Thursday, January 5, 2012

Tinker, Tailor, Soldier, Spy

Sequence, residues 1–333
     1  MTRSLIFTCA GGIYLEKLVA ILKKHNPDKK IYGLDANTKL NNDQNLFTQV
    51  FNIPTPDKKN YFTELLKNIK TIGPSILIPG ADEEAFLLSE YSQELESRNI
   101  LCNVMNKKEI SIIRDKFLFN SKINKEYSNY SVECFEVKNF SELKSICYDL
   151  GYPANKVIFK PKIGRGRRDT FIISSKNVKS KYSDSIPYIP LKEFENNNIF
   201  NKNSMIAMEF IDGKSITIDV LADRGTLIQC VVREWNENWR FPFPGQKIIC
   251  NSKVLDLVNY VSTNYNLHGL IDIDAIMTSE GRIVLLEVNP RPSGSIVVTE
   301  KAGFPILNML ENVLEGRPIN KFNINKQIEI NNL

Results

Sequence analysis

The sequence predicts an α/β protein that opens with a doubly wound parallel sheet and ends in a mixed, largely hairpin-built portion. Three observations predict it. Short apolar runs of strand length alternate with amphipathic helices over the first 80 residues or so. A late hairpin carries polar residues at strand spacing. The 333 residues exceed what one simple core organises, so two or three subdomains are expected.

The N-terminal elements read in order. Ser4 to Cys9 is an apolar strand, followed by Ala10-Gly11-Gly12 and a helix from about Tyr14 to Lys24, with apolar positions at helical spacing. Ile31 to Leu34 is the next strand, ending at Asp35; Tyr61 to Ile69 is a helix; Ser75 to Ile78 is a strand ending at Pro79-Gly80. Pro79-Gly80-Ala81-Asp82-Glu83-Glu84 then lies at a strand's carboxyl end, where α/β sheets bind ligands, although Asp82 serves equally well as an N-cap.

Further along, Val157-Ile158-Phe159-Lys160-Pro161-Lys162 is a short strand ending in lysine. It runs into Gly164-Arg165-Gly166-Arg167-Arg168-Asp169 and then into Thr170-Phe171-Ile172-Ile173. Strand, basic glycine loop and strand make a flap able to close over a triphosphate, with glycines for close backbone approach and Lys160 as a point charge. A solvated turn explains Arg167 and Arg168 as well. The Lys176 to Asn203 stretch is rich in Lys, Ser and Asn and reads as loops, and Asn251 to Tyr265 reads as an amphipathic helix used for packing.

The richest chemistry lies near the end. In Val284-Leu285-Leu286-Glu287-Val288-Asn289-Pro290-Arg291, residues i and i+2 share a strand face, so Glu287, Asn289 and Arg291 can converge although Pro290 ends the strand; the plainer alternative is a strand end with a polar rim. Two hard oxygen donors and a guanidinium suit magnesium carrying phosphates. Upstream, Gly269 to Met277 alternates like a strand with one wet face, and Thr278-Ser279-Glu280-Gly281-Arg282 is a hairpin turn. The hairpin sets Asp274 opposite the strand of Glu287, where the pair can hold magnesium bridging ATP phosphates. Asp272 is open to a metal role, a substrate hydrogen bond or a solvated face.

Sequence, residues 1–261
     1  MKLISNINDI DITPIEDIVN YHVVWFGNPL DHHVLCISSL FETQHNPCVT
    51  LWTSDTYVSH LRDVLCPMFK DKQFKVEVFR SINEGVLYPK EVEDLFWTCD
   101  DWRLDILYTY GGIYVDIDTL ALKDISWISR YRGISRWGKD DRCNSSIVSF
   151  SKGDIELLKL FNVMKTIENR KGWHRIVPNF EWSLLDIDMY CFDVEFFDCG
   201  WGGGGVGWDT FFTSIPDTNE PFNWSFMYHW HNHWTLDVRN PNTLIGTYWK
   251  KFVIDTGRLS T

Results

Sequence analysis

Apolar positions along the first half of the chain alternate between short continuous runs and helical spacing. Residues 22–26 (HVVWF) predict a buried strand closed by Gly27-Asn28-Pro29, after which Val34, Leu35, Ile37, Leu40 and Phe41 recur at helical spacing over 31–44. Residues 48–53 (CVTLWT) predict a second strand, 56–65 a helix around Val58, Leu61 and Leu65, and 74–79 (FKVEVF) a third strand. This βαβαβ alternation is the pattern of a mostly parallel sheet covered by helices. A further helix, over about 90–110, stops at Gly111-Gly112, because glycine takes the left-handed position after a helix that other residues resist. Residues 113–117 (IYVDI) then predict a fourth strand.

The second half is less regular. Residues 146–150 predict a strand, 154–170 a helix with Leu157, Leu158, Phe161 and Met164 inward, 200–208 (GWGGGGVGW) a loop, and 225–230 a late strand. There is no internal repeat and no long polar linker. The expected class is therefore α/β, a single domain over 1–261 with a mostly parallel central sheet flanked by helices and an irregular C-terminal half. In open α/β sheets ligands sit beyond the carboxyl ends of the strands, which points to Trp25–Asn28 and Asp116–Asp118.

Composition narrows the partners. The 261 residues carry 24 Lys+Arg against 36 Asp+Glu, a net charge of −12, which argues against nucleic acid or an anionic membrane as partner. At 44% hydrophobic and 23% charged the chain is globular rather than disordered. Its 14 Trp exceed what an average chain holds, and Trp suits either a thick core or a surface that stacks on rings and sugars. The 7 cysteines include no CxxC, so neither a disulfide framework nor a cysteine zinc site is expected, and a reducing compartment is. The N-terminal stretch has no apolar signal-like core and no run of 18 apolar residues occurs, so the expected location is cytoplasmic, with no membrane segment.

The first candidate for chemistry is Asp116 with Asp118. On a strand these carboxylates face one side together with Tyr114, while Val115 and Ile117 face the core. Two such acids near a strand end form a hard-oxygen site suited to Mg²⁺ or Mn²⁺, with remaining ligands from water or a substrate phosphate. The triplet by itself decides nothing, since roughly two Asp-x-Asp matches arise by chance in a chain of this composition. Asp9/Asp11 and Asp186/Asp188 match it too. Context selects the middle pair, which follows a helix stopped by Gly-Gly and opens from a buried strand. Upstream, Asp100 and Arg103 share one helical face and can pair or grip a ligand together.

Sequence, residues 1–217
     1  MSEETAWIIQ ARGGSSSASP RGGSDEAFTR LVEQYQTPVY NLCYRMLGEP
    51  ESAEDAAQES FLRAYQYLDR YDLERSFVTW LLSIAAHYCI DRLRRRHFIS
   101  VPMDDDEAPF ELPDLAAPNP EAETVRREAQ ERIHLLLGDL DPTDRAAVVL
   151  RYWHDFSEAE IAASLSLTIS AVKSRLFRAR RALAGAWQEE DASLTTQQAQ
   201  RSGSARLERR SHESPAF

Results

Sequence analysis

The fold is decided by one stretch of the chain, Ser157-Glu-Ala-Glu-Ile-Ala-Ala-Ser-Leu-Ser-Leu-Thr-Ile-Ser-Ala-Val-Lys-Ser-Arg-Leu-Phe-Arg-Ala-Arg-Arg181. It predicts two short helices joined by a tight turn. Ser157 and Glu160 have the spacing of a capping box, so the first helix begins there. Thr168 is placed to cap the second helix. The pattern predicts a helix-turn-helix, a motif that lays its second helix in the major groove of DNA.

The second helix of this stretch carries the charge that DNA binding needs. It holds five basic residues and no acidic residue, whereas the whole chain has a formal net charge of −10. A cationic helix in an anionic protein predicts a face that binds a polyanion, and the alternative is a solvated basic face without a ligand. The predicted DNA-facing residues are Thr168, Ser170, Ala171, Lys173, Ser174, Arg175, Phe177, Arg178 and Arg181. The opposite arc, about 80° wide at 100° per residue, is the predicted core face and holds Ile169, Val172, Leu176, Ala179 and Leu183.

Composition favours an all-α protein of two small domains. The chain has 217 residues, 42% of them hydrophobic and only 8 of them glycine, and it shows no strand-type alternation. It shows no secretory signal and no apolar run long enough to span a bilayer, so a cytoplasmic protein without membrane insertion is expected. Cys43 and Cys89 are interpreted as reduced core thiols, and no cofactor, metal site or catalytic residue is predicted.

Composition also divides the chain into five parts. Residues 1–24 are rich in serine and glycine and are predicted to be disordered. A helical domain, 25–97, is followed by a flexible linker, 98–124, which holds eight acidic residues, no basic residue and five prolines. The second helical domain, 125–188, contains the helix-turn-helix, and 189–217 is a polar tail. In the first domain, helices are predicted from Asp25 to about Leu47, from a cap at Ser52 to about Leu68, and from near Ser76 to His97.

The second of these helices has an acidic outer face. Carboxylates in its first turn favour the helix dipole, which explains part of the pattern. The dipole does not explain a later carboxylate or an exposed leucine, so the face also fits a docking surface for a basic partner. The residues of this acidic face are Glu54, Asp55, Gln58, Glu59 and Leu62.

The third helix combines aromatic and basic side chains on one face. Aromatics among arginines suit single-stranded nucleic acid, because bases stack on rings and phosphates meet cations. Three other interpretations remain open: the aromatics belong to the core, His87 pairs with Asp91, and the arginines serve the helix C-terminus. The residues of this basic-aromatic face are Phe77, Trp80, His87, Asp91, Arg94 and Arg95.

Even though the Berlin Wall fell, making the Cold War and the manichean world view it spawned, an anachronism, the sensibility of one of its most prominent fiction chroniclers, John le Carre remains au courant. The Cold War created le Carre. And  it’s not the first time that war has spawned beauty (All Quiet on the Western Front and Journey to the End of the Night are two masterpieces deriving from World War I for example). That’s the curious thing about the artful espionage le Carre creates. It’s existential substrates don’t prevent it from having an oracular quality that transcends the time in which it's written. Le Carre’s Tinker, Tailor, Soldier, Spy was adapted for television in l979 with Alec Guiness playing Smiley. Now Gary Oldman has the role, with his nemesis Bill Haydon played by Colin Firth. The sensibility of the current movie is a like a post-modern piece of architecture, full of jagged edges, in which flashback and memory, reality and illusion create a canvas of willed confusion. Bill Haydon juggles both ideology and sexuality in such a way that Smiley’s job becomes almost philosophical, depending on a mixture of phenomenology, epistemology and teleology to unearth a quisling. Before le Carre, spies operated in a far simpler universe in which they simply tracked each other down. The current Tinker, Tailor makes it clear why the Circus is such an appropriate name for British intelligence and why a character named Control (John Hurt) is a contradiction in terms. This is just brilliance on le Carre’s part but it’s something the director Tomas Alfredson captures in spades as the viewer of the movie shifts in and out of the shadows of experience, watching sense deteriorate into nonsense before his or her eyes. Reason has a very short half  life in le Carre's universe and spying. as the current adaptation demonstrates. mostly nearly resembles Plato’s famous allegory in which reality appears like a shadow on the wall of a cave.

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